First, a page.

Julie Johnson, THE PRESS DEMOCRAT
From a distance, wildfire ash almost looks like snow peaking out from stands of barren trees and pockets of green canopy on the ridges and slopes encompassing 8,800 acres of parkland in the Mayacamas Mountains straddling the Sonoma and Napa valleys.
The Glass fire burned through the majority of these treasured preserved lands, moving throughout all of Hood Mountain Regional Park and roughly 90% of Sugarloaf Ridge State Park, leaving pockets of green islands within the burn scars.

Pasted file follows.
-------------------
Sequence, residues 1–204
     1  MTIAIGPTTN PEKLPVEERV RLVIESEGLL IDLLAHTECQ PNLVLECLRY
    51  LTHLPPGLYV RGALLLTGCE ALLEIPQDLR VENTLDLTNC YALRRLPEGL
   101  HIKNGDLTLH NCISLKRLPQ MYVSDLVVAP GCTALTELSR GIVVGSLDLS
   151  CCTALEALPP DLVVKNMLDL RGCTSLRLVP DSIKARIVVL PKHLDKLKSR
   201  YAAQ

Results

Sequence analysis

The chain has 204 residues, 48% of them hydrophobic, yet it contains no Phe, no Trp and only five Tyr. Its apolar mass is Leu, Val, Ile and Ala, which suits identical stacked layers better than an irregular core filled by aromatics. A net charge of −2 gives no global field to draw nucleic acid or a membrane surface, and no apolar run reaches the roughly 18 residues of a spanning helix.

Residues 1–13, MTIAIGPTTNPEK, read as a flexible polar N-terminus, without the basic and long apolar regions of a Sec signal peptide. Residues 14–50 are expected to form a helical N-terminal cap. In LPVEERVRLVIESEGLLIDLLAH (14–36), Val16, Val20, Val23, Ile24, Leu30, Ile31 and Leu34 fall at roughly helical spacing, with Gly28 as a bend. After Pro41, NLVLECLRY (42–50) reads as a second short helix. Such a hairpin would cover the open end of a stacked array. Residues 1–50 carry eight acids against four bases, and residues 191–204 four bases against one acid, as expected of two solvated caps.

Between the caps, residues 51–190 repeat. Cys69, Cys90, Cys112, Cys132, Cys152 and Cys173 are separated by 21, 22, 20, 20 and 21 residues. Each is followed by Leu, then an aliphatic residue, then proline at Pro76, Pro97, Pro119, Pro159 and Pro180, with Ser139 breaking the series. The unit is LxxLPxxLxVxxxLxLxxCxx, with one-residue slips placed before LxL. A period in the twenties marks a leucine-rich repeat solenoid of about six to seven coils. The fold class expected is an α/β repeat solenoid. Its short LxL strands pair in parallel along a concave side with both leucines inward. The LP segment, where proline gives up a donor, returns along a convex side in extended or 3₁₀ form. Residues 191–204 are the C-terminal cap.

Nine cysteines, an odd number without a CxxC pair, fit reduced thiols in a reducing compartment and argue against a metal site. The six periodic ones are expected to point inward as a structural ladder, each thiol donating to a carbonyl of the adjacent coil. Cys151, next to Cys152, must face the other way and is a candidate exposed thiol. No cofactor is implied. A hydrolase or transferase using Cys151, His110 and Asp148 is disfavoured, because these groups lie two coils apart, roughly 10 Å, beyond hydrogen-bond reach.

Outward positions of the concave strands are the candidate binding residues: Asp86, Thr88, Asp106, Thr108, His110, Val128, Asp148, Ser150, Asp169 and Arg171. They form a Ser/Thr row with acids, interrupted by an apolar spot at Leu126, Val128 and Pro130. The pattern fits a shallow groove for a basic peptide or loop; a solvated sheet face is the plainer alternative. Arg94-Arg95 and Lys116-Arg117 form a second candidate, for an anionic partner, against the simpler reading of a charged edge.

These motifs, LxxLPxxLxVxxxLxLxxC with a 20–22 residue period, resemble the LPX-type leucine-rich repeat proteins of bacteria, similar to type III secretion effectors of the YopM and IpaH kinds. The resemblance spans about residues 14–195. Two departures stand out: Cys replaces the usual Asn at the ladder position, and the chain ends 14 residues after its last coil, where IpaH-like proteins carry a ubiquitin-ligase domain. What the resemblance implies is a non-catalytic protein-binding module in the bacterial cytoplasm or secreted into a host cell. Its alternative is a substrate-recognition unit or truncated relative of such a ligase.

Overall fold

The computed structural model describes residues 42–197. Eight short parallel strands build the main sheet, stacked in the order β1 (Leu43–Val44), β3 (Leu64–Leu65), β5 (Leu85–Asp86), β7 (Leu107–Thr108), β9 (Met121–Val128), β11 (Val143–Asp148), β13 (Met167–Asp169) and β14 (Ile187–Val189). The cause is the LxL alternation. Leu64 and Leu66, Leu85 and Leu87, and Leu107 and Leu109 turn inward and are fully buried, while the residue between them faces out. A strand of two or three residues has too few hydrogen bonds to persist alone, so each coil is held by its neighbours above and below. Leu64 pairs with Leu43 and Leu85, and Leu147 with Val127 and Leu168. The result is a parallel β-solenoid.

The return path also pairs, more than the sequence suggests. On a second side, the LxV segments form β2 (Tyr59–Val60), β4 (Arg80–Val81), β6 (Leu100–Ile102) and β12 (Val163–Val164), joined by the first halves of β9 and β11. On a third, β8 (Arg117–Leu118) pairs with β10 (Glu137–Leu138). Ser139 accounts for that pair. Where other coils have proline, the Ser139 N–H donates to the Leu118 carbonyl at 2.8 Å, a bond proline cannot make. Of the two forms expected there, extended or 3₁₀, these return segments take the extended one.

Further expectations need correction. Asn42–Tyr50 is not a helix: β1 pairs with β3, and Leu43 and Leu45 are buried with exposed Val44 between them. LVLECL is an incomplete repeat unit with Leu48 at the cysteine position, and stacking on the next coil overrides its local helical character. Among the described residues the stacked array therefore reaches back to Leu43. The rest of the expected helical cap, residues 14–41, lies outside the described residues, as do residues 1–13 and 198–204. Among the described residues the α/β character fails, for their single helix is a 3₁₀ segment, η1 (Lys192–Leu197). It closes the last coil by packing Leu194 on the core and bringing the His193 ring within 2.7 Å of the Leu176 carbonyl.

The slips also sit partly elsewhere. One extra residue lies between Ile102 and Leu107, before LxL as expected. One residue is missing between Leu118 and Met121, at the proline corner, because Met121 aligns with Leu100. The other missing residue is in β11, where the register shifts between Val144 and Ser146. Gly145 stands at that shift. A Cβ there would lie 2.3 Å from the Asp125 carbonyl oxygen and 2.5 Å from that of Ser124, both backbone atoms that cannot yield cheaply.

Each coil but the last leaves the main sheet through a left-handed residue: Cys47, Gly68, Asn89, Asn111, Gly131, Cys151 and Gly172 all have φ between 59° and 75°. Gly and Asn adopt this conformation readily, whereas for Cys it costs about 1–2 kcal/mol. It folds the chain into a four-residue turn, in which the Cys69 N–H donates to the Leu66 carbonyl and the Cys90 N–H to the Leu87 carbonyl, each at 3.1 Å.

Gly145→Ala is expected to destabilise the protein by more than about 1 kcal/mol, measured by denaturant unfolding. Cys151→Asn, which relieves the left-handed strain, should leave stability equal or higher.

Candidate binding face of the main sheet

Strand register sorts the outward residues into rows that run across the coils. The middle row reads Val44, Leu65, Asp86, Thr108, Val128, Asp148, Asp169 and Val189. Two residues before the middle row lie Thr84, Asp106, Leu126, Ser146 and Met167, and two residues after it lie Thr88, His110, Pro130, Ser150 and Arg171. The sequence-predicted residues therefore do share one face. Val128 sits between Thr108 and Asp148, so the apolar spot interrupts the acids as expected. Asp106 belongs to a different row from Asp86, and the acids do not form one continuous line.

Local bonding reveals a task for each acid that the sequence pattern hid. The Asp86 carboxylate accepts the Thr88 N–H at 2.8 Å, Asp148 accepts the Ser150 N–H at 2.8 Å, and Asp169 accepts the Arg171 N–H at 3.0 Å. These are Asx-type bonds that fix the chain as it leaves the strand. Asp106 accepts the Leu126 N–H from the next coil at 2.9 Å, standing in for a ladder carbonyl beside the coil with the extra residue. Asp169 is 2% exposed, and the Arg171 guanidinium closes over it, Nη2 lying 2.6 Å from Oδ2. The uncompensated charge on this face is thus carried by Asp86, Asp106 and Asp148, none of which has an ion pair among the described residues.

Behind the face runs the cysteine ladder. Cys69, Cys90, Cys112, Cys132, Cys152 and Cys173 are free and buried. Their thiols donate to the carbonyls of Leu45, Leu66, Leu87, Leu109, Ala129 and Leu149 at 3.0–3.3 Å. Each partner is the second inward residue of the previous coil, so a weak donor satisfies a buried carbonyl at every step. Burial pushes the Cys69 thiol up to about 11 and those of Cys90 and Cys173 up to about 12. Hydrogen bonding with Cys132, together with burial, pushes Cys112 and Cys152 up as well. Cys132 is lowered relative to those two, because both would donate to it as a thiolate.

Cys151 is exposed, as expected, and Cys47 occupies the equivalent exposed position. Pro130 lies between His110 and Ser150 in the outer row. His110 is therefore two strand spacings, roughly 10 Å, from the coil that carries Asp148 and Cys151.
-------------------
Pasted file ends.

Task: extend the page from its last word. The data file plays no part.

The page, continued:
Stewards of these lands say the next several months will involve urgent work to prevent traumatic erosion to the land, stop large sediment deposits from clogging creeks, and tamping down invasive weeds so that native plants have a chance to grow back and thrive.
Though it could be months before the public is allowed to return to the trails and the stunning panoramic view of the valley from Gunsight Rock, the outlook is far from grim for the flora and creatures adapted to fire.
“It’s not a tragedy when a park burns,” said Melanie Parker, deputy director of Sonoma County Regional Parks.